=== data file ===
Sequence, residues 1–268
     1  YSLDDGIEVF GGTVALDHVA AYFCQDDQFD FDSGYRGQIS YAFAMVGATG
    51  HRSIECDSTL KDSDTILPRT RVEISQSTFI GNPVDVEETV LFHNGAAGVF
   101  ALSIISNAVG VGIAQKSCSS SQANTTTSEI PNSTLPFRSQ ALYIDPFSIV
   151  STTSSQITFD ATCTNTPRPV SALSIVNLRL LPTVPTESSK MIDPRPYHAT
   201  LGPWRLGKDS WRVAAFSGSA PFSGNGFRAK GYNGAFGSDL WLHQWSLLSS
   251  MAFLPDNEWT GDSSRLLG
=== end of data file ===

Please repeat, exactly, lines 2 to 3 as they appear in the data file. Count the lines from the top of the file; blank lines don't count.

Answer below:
     1  YSLDDGIEVF GGTVALDHVA AYFCQDDQFD FDSGYRGQIS YAFAMVGATG
    51  HRSIECDSTL KDSDTILPRT RVEISQSTFI GNPVDVEETV LFHNGAAGVF